Good morning, and happy Friday. Here’s the Digest.
1. Rep. Rod Hamilton accused of sexual misconduct. A woman who works as an advocate for a sexual violence center has filed a sex assault report with St. Paul police accusing state Rep. Rod Hamilton of touching her without her consent at his apartment. The St. Paul Police Department confirmed the report was filed last Friday against Hamilton, a Republican from Mountain Lake in southwestern Minnesota, and that an investigation is ongoing. A spokesman for the Ramsey County Attorney said the office spoke informally to a St. Paul police investigator regarding the allegations, and advised the investigator that more information was necessary before charges could be considered. “The case is still open and active, but based on the information we currently have we do not feel that there is enough for a criminal case,” St. Paul Police spokesman Sgt. Mike Ernster said. In an interview Tuesday night with the Star Tribune, Hamilton said the woman misconstrued his actions and that they were not sexual in nature. On Wednesday, Hamilton said he had reported the incident to the human resources department of the state House. On Thursday House Republican leaders said Hamilton has been removed from his post as a committee chair while the allegation is investigated. (Star Tribune)
2. Lawmakers make first move in budget endgame. The Minnesota Senate went from morning until night Thursday debating and voting on an everything-and-the-kitchen-sink budget proposal, which would lock up $80 million of a projected surplus and keep far more than that available for a forthcoming tax-cut measure. The sprawling, 579-page bill is the Republican Senate’s opening bid in negotiations that are ahead with the GOP-led House and DFL Gov. Mark Dayton. A mix of money and policy, it covers everything from election administration to limitations on classroom political discussions to oil pipeline regulation to school safety. After almost 12 hours of debate, the Senate bill passed on a 34-31 party-line vote. In the House, focus was on an education budget bill, touching on public instruction from preschool through college. It passed on a 94-29 vote. Republican Rep. Jenifer Loon, R-Eden Prairie, said the package of several school safety proposals has been a priority this session. (MPR News)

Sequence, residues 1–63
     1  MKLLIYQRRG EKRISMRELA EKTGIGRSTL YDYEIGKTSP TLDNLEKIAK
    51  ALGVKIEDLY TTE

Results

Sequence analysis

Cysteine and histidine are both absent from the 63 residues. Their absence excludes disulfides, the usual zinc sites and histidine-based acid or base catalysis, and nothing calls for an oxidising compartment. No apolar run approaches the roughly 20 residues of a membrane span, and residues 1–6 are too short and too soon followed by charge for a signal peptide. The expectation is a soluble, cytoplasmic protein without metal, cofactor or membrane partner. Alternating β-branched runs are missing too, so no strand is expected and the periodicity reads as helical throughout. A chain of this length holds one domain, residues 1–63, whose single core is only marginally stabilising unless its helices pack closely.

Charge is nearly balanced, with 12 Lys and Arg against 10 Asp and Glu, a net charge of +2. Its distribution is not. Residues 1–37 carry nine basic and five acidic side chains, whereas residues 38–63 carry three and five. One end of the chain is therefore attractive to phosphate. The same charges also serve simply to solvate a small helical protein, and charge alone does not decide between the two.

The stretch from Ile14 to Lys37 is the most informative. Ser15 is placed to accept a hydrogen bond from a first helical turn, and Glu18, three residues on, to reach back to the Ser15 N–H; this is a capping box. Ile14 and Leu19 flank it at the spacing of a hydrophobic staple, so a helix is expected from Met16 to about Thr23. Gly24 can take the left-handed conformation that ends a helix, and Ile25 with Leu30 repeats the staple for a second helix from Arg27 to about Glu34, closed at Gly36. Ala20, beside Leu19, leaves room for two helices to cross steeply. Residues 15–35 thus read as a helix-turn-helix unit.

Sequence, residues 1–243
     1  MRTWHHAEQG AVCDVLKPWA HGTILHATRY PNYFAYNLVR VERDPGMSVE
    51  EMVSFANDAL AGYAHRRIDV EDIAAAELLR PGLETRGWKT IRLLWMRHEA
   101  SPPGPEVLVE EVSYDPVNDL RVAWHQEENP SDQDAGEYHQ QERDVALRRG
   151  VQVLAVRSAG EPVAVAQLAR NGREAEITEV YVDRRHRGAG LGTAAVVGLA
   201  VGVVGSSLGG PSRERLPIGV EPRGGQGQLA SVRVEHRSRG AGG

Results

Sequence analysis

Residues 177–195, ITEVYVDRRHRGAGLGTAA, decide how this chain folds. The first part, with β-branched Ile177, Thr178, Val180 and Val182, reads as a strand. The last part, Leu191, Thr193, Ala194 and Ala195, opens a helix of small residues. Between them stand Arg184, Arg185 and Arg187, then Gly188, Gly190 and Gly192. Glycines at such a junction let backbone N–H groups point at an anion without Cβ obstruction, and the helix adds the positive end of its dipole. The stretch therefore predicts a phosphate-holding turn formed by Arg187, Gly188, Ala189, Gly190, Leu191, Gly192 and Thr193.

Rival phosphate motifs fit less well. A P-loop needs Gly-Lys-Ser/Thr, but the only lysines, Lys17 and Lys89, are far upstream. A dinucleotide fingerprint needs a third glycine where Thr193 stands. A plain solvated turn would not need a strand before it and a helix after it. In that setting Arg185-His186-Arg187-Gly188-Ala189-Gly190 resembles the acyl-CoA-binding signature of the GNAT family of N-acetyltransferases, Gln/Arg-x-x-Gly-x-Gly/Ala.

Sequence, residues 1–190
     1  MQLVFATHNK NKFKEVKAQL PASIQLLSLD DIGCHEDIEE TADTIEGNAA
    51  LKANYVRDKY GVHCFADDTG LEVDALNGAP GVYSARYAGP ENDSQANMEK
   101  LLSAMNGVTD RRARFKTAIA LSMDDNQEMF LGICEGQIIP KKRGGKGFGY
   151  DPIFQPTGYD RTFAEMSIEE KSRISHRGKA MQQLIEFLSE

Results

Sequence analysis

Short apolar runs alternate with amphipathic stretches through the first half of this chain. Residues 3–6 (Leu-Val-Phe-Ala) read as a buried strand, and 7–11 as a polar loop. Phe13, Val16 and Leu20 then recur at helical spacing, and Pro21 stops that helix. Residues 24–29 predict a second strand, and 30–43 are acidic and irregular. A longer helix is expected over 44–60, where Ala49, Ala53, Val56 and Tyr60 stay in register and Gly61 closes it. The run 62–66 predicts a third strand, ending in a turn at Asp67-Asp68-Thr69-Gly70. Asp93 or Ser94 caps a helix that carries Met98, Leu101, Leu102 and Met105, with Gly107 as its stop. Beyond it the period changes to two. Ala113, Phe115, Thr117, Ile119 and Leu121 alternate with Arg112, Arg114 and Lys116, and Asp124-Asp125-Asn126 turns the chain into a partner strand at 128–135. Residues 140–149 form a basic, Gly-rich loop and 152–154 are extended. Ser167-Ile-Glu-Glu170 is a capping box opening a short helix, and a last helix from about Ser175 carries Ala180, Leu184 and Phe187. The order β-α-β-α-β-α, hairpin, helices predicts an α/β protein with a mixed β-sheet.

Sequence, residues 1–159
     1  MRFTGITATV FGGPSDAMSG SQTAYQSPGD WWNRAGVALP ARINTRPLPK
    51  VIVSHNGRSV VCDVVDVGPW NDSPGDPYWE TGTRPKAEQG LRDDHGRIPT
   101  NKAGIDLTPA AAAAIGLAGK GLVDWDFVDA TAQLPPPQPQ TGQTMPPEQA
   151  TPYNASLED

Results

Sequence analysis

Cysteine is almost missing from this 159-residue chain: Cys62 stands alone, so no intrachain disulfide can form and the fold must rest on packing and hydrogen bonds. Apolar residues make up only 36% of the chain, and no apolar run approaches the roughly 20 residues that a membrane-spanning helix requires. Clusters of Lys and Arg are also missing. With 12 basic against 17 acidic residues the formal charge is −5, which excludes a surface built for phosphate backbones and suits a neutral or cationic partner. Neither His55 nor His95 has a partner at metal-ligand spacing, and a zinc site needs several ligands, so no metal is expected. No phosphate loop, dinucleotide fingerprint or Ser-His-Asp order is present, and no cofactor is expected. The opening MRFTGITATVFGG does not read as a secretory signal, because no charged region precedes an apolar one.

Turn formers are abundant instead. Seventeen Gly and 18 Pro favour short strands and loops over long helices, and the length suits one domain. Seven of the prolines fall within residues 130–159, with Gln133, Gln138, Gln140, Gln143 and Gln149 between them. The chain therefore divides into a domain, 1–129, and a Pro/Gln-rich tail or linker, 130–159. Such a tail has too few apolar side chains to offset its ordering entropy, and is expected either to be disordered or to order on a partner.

3. Gun debate fizzles. The deaths of two gun-control measures — expanding background checks for sales and creating so-called “red flag” protective orders — were cemented Thursday at the Minnesota Capitol without any actual votes on the ideas themselves. Both were shot down on the floor of the Senate in procedural votes, and the speaker of the House said Thursday that they’re “dead” in his chamber as well. The blow for gun-control advocates shouldn’t come as a huge surprise, since Republicans control both chambers, and the prospects for stricter gun laws were always bleak. The day before, House Speaker Kurt Daudt appeared to open the door on the proposals, or some form of new gun legislation, but on Thursday Daudt said there was confusion and misunderstanding over what he said, and he never meant to suggest either of those two measures were in play. (Pioneer Press)
4. Early childhood programs are confusing to families and policy makers. Minnesota’s early learning system is complex and fragmented, making it difficult for families to navigate and resulting in some children missing out on the educational head start they need to succeed. Those are the findings of an analysis of Minnesota’s early learning programs released Thursday by the state Legislative Auditor, a government watchdog. The organization looked at nine different programs that received state funding to provide preschool and other programs to young children. In a letter to the Legislature, Legislative Auditor James Nobles and his deputy Judy Randall recommended lawmakers work to remove legal barriers so state agencies can streamline the system and gather important data. “Even quite similar programs have different eligibility and program requirements,” the letter said. “We also found that the lack of important data prevents Minnesota from measuring the statewide effectiveness of most early childhood programs.” (Pioneer Press)
5. State starts over on wild rice rule. State officials say they’ll go back to work on applying the science of sulfate and wild rice to water pollution permits. The Minnesota Pollution Control Agency has been working for several years on updating the state’s long-standing but rarely enforced sulfate standard for wild rice. Officials came up with a lake-by-lake equation that would determine sulfate limits, which they argued was more precise than the 10 milligrams per liter standard that had been in place since 1978. An administrative law judge rejected that plan earlier this year, and meanwhile state lawmakers could pass a bill that would nullify the old standard. On Thursday, MPCA Commissioner John Linc Stine said the agency is withdrawing the plan. “Although the science is accurate, when it comes to how best to apply the science and affordably implement the rule, we still have more work to do,” he said. (MPR News)